Expanding Your Finishing Profitability, Part II
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Expanding Your Finishing Profitability, Part II

In part II, we continue examining some of the ideas for expanding upon your current offerings by knowing what the capabilities of your machine are and using your imagination.

By Hayden Kelley

With all the various changes in technology taking place, it is good to know some things to enhance your existing capabilities. By utilizing some of the ideas here as well as in part one of this two-part series, and generating ideas of your own and from your staff, you will be able to get a step or two ahead of the competition.

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  • Rigid Display with Image on Both Sides

    This project is appropriate for a number of different applications most notably in supermarkets and other retail environments. The only unique material that is required for this application is either a black or metallized backing film that is 100 percent opaque and about 10 mil thick (this is to ensure no light bleed-through which can distort your image). The use of a heat-activated adhesive is also recommended where available, as it will make finishing this project somewhat easier (a pressure-sensitive adhesive is also suitable, although slightly more difficult to work with). The use of a carrier board during the processing of this application is also recommended although it is not a requirement.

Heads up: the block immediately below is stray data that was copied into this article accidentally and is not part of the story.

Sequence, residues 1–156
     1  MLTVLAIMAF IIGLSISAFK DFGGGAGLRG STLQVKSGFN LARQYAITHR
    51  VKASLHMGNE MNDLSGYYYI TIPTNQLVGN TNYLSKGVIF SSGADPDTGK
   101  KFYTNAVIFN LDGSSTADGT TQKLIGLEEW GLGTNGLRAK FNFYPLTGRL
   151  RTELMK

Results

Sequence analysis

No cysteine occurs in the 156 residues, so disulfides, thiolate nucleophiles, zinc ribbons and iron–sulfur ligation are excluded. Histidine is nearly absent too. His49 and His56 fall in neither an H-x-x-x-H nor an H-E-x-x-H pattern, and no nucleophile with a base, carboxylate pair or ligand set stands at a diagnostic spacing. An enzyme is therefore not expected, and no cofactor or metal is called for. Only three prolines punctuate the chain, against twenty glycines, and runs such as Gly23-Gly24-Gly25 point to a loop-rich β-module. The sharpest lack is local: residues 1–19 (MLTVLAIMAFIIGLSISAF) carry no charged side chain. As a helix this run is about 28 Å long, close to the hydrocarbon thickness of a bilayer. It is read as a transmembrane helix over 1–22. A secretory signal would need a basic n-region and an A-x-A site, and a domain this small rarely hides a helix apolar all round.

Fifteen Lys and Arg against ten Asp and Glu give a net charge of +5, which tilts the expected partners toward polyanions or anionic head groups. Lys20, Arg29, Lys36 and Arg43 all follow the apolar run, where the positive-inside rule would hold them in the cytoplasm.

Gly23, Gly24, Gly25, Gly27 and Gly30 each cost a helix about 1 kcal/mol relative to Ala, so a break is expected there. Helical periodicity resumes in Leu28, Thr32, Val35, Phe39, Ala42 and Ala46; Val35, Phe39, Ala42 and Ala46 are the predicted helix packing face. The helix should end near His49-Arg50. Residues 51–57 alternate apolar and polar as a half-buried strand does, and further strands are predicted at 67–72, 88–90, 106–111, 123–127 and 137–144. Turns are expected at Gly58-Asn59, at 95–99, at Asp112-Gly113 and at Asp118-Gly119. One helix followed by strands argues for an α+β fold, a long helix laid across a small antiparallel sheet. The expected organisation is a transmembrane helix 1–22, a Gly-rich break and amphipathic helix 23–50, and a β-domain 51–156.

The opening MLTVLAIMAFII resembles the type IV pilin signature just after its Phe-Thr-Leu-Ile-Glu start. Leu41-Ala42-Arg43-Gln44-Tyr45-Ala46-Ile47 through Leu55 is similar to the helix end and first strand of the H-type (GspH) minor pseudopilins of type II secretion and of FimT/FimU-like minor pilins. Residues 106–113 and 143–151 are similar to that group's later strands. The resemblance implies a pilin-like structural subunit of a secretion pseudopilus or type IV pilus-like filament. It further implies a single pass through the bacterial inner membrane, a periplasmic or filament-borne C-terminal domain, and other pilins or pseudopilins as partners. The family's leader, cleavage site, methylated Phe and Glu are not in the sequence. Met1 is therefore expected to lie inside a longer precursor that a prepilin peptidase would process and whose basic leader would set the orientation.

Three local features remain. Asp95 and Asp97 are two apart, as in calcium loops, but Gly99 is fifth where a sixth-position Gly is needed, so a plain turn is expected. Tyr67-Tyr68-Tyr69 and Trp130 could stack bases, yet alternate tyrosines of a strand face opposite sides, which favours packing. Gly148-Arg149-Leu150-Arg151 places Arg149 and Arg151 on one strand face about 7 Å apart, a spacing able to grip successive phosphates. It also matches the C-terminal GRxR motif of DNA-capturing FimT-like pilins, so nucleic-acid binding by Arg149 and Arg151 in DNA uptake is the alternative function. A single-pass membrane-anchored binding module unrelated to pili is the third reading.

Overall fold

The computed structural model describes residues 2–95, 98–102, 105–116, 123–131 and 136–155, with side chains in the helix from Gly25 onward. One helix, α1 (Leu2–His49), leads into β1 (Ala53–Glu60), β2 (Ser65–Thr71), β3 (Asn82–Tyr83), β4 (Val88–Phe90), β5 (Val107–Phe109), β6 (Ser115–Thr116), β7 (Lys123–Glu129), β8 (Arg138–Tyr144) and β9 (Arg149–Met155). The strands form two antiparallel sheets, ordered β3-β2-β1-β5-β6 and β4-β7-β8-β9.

How To:

    1.) Encapsulate your first image with your opaque backer on the bottom of your image and your clear film on the front.

    2.) Encapsulate your second image with your adhesive on the bottom and your clear film on the front of your image.

    3.) Trim both encapsulated images so that they are identical in size.

    4.) Peel the release liner of your adhesive back about 1” and tack it to the back of your second encapsulated image (you must be sure that the front edges of both prints match up exactly).

    5.) Process through your laminator

    This project is now complete and ready for display.

    Magnet-Receptive Displays
    A magnetic receptive display is a graphic or substrate that has been “metallized” to allow you to adhere and move all types of magnets on its surface. While there are a wide array of unique projects that can be put together when using magnetic materials, this project is one of the most popular, not to mention fairly easy to complete. A magnetic receptive display is perfectly suited for use in litigation graphic applications as well as for in/out boards, maps, game boards, message boards, etc.

    You will require a magnetic receptive “metallized” paper (there are products currently on the market that have been specifically engineered for this type of application), a rigid substrate, a laminating film (The use of a dry-erase film is recommended) and a mounting adhesive.